Kong: Skull Island (2017) (a film review by Mark R. Leeper).

March 15, 2017 | By | Reply More

‘Kong: Skull Island’ has its share of excitement and effective acting, but the film does not fit with any other ‘Kong’ film ever made as prequel, sequel or coquel. The script is creative where it needs to be and funny where it needs to be. If you think you wouldn’t like a live-action film about a hundred-foot ape, you won’t. If you think you would like the film, you will. If you are not sure, you might want to give it a try. At best, it is a joy ride and at worst it is at least goofy.

Rating: +1 (-4 to +4) or 6/10

At a hundred feet, the Kong in ‘Kong: Skull Island’ is too darn big. If you give a young girl a Barbie(r) doll she will dress it and give some thought to its appearance. In short, she will have a sort of relationship with it. Give the same girl a Lego(r) person and there will be little she can do with it except move it around. There is too much difference in size scale. In the 1933 ‘King Kong’, the size ratio between Kong and Ann is about the same as the ratio of the little girl to the Barbie(r) doll. The blonde girl whose trunk fits comfortably into his paw intrigues Kong. Kong certainly has some interest in Ann that he probably would not have if Ann were the size of the last joint on his little finger. The new Kong is a hundred feet tall, according to director Jordon Vogt-Roberts.

With kaiju proportions, Kong would have a body falling apart of its own weight by the square-cube law. More importantly, the beast can have little emotional connection with six-foot humans on the island or in the audience. We see him in only two states, placid and angry. Even the 1976 version of ‘King Kong’ showed more range of emotion. Kong here has no conscience, no affection, only the barest personality. That is not my idea of King Kong. It would have been a better film if they had named the chief monster something like Gorga rather than disappointing expectations by making the super-giant ape Kong.

The film opens in 1944 with an American and a Japanese plane in a dogfight. They both crash on an unknown Pacific island. On the ground, the two pilots are fighting to the death when they are interrupted by…can you guess? This strand of plot is abandoned to have connections later in the story. Twenty-nine years later an apparent crackpot James Conrad (played by John Goodman) has been trying repeatedly to have the get an expedition to a nearly unknown island charmingly called ‘Skull Island’.

When the expedition is finally approved, a team is put together including James Conrad (Tom Hiddleston) and helicopter commander Preston Packard (Samuel L. Jackson). It is joined by Mason Weaver (Brie Larson), who wants to expose the secret operation. One last member joins the group well into the story, but not too late to steal the rest of the film. John C. Reilly plays Hank Marlow, just a little charmingly deranged. Together, the team will face the dangers of the island that time forgot. It is a better cast than this film would have needed, but it will probably pay off at the box office.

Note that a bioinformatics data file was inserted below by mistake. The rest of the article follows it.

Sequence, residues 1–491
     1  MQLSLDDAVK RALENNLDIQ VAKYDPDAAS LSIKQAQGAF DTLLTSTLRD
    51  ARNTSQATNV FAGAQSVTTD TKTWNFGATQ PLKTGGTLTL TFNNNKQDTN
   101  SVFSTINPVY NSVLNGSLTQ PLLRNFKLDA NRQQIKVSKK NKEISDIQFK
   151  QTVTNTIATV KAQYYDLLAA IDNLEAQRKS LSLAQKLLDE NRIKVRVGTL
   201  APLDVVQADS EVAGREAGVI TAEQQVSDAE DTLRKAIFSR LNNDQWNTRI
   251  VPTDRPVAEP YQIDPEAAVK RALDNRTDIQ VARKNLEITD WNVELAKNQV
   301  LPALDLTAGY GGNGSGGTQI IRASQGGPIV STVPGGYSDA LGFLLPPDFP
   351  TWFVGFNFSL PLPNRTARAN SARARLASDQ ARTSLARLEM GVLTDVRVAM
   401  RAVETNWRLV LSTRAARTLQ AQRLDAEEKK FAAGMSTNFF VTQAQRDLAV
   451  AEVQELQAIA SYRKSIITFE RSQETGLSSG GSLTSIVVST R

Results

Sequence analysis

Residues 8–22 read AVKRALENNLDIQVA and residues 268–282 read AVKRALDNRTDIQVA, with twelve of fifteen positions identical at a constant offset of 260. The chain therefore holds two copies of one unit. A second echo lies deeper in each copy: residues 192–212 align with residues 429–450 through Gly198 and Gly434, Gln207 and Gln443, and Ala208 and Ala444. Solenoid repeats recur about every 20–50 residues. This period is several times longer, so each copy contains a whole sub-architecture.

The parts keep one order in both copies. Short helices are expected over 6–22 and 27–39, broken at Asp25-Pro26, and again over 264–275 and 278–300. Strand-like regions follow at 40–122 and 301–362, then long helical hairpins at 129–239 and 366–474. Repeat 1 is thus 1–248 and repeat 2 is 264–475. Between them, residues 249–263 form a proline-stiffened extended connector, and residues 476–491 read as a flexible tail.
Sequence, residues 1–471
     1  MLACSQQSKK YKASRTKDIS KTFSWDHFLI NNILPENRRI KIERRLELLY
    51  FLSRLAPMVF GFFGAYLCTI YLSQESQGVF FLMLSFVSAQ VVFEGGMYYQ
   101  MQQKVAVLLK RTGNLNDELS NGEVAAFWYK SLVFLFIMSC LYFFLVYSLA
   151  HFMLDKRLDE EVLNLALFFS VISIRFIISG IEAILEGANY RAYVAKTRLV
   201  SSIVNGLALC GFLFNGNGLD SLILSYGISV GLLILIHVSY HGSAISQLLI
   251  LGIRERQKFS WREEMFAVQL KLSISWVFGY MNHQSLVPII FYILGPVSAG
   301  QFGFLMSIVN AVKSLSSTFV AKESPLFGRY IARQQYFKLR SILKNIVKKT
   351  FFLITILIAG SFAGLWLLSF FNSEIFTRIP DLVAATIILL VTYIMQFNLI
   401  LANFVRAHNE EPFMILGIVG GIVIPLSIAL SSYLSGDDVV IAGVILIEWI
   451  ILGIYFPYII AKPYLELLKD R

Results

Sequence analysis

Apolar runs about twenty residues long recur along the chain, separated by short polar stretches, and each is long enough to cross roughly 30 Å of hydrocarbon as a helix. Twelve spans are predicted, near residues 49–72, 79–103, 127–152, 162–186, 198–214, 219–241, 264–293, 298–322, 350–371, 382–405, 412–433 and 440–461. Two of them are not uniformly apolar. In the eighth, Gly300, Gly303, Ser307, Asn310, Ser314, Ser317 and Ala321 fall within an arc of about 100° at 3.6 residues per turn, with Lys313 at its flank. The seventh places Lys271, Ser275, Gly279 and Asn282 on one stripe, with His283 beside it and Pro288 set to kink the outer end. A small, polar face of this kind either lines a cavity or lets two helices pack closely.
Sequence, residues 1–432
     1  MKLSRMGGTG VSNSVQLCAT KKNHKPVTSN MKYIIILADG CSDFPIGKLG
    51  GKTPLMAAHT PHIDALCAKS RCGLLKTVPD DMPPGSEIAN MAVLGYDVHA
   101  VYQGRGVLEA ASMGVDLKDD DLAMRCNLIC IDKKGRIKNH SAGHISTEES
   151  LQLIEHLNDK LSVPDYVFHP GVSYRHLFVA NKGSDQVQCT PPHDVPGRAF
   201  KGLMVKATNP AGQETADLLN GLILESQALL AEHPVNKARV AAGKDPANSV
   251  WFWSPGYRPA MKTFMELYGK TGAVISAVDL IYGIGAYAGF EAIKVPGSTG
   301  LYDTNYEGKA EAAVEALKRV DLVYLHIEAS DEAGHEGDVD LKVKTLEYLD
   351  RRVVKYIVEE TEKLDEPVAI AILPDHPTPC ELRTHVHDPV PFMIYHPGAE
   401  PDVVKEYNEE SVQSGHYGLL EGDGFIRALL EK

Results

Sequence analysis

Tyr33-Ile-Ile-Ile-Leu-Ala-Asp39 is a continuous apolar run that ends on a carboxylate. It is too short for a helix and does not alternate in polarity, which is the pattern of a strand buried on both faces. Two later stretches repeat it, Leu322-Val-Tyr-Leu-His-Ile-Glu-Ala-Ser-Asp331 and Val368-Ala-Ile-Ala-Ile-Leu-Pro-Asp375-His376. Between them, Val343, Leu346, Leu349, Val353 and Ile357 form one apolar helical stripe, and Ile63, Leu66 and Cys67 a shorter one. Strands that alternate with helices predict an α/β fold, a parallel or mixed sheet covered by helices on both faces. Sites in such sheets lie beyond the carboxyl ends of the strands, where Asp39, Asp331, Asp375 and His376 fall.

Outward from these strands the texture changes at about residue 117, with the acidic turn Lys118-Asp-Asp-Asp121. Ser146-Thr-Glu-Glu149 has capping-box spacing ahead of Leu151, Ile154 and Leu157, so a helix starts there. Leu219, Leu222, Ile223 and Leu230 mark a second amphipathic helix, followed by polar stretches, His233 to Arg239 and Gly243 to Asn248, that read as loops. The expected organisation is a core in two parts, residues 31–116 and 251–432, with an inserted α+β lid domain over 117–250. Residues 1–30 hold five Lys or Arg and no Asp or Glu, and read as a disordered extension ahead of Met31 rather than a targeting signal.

The script by Dan Gilroy, Max Borenstein and Derek Connolly has some original ideas and visual images we have not seen before, but also there are little touches we have seen in previous ‘Kong’ films. Kong kills a creature by breaking its jaw and then checks to see the jaw is limp. We saw that in the 1933 version. Skull Island has gone undiscovered because it is eternally enshrouded in heavy clouds. That idea came from the 1976 version. In fact’ there are little shout-outs to all three US origin stories: 1933, 1976 and 2005, as well as references to ‘Apocalypse Now’.

On the other hand, Kong’s size called for some original thinking. For once, Kong never carries a human anywhere for long because he is just too big and probably does not want red stuff and pulp all over his fingers. The island itself brings up more complexities than were thought through. The idea is raised that what we thought were Pacific nuclear tests were really attempts to kill monsters. That idea was borrowed from ‘Godzilla’ (2014). If that is true, who knew that the island was the home of monsters and how was it kept a secret if that was true? How did an island the size of Skull Island go undiscovered by all but the people doing the bomb test? The script could have used some doctoring before the film was shot. With such a great variety of kaiju-sized monsters on one island, the film has the feel of an admittedly more detailed and realistically done Toho film.

On the positive side, somebody was very imaginative with ideas for the fauna of the island. There are a lot of ‘What-the-heck-Oh-my-god!’ reactions. There are moments that are a lot of fun. Overall, I rate ‘Kong: Skull Island’ a +1 on the -4 to +4 scale or 6/10. The filmmakers have what must be nine or ten minutes of credit crawl at the end, but there is a coda at the end of it all.

Mark R. Leeper

© Mark R. Leeper 2017

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Category: Fantasy, Films, MEDIA

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